9

I was told that one of the many reasons strings were made immutable in the C# spec was to avoid the issue of HashTables having keys changed when references to the string keys altered their content.

The Dictionary<> type allows reference types to be used as a key. How does the dictionary avoid the issue of altered keys that lead to "misplaced" values? Is there a memberwise clone made of an object when used as a key?

9

The Dictionary<TKey,TValue> type makes no attempt to protect against the user modifying the key used. It is purely left up to the developer to be responsible in not mutating the key.

If you think about this a bit this is really the only sane route that Dictionary<TKey,TValue> can take. Consider the implication of doing an operation like a memberwise clone on the object. In order to be thorough you'd need to do a deep clone because it will be possible for an object referenced in the key to also be mutated and hence affect the hash code. So now every key used in the table has it's full object graph cloned in order to protect against mutation. This would be both buggy and possibly a very expensive operation.

8

If you're using a mutable reference type as a key, the default implementation of GetHashCode() will guarantee hash equality regardless of object state (i.e. the hash is tied to the reference, not the state). You're correct, however, that a mutable type with value equality semantics (where GetHashCode presumably depends on state) is a bad choice for a dictionary key.

  • This is a good one. Thank you for remembering me that GetHashCode for a object by default is based on instance which I think saves developers a lot of time. – Eugeniu Torica May 7 '12 at 20:13
  • Mutable class types with value equality semantics seem like a bad idea anyway. While there are a few exceptions (e.g. double, Decimal, List<T>.Enumerator, etc.), most types in .net implement Equals(Object) so as to indicate equivalence; since distinct mutable class-type items are never equivalent, they should never report themselves as Equals (the behavior of List<T>.Enumerator stems from the fact that boxed and unboxed value types have different semantics, but are required to share the same Equals method). – supercat Oct 17 '12 at 16:25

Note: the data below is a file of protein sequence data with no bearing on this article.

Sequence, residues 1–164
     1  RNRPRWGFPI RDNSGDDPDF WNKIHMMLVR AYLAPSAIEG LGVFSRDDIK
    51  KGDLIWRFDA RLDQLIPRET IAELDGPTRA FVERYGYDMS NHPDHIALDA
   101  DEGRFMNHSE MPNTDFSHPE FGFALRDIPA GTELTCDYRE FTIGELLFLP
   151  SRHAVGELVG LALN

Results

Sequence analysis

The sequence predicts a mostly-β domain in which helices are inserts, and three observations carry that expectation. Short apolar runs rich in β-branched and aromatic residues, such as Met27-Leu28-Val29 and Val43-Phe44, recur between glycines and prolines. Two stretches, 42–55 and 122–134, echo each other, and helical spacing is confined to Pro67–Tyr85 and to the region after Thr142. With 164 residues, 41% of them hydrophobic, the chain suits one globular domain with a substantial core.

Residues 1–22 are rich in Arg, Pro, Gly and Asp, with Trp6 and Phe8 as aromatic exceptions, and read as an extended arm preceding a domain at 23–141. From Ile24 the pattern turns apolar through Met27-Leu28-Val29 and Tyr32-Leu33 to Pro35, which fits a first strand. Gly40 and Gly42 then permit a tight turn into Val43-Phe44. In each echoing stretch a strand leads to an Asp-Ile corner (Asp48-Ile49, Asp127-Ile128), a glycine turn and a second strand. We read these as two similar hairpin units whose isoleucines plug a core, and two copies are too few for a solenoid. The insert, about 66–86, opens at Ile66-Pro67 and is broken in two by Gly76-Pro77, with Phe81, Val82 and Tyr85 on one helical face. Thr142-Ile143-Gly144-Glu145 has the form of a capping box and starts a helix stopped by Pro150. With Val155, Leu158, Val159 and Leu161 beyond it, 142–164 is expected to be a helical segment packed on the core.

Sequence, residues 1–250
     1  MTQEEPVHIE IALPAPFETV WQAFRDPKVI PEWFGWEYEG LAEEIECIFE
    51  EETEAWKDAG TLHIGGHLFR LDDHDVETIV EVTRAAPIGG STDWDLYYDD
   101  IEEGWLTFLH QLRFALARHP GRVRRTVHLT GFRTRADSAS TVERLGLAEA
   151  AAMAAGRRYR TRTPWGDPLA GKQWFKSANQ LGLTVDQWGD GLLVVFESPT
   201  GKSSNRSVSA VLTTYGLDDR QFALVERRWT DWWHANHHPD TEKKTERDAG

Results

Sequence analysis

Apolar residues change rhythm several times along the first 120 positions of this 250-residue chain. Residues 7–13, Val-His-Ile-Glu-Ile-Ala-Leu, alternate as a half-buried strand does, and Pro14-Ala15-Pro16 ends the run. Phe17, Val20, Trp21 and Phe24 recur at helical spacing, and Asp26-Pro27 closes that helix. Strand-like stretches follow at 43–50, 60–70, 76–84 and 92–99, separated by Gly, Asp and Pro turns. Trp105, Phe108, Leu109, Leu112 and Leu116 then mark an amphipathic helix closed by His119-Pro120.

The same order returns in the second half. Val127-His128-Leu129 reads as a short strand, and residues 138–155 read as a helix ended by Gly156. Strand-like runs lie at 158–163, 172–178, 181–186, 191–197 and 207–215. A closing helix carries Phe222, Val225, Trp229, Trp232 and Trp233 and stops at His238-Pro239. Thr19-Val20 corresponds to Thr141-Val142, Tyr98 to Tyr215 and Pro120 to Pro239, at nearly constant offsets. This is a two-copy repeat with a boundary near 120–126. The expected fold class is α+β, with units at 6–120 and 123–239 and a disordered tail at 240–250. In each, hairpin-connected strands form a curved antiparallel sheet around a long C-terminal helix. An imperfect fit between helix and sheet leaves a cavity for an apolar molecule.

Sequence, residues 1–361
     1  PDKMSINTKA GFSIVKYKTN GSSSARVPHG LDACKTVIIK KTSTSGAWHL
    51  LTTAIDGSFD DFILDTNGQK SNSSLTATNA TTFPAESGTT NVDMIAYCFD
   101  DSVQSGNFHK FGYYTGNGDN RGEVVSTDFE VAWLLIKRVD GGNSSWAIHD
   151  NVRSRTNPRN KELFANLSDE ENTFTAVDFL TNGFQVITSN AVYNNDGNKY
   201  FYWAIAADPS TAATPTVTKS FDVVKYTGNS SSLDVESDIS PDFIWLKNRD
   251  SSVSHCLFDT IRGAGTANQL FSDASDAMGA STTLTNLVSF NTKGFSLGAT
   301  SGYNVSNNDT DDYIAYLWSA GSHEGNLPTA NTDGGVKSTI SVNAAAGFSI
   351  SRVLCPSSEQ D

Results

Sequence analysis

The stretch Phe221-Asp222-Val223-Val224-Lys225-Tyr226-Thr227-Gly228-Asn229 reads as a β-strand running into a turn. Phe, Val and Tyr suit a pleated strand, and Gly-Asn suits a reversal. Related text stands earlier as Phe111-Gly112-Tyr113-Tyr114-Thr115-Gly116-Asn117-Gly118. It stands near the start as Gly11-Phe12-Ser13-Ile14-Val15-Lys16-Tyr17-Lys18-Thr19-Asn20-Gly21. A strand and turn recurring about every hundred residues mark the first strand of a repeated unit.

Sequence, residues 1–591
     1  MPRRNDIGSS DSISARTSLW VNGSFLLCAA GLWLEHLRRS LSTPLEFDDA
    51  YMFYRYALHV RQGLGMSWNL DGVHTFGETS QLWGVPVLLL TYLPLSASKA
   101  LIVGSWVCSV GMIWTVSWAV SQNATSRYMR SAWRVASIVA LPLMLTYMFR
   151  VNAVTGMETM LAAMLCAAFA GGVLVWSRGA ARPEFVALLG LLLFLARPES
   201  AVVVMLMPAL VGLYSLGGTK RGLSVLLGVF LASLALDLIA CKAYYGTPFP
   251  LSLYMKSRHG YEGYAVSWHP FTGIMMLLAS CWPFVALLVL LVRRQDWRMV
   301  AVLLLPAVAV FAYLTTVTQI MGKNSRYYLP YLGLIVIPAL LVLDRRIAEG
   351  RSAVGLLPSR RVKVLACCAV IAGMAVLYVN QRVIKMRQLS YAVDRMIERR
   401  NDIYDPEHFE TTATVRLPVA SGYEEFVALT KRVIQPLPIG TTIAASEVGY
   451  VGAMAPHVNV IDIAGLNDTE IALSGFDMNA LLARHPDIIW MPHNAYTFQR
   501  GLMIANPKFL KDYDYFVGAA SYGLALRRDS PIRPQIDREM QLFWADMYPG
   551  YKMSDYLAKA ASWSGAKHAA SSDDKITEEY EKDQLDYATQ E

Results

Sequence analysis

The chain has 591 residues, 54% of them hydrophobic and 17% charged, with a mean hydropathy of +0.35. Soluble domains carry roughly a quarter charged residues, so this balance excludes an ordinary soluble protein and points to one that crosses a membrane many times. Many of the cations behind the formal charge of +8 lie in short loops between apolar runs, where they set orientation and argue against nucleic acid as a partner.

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The Dictionary<> class does nothing to protect itself against a mutable key object being changed. It's up to you to know whether or not the class you're using as a key is mutable, and to avoid it if possible.

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If a reference type does not override Equals/GetHashCode, a Dictionary using the default comparator won't care about any of the key objects' fields or properties, and thus won't notice or care if they change. It's simplest to think of the default GetHashCode method as returning a number related to an "object ID", and the default Equals method as comparing "object id's". Indeed, in a system limited to two billion or fewer objects, GetHashCode could simply return an object ID, but for various reasons it might do other things as well.

If the only part of an object that is examined by Equals or GetHashCode is the object ID, then for purposes of those functions, all objects are immutable. Once an object is created, it will always have the same ID, and that ID will never be used for any other object until all traces of the former object ID have vanished from the universe.

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It does not avoid this situation. It's up to the calling code to enforce this:

As long as an object is used as a key in the Dictionary<TKey, TValue>, it must not change in any way that affects its hash value. Every key in a Dictionary<TKey, TValue> must be unique according to the dictionary's equality comparer. A key cannot be null, but a value can be, if the value type TValue is a reference type.

(From MSDN)

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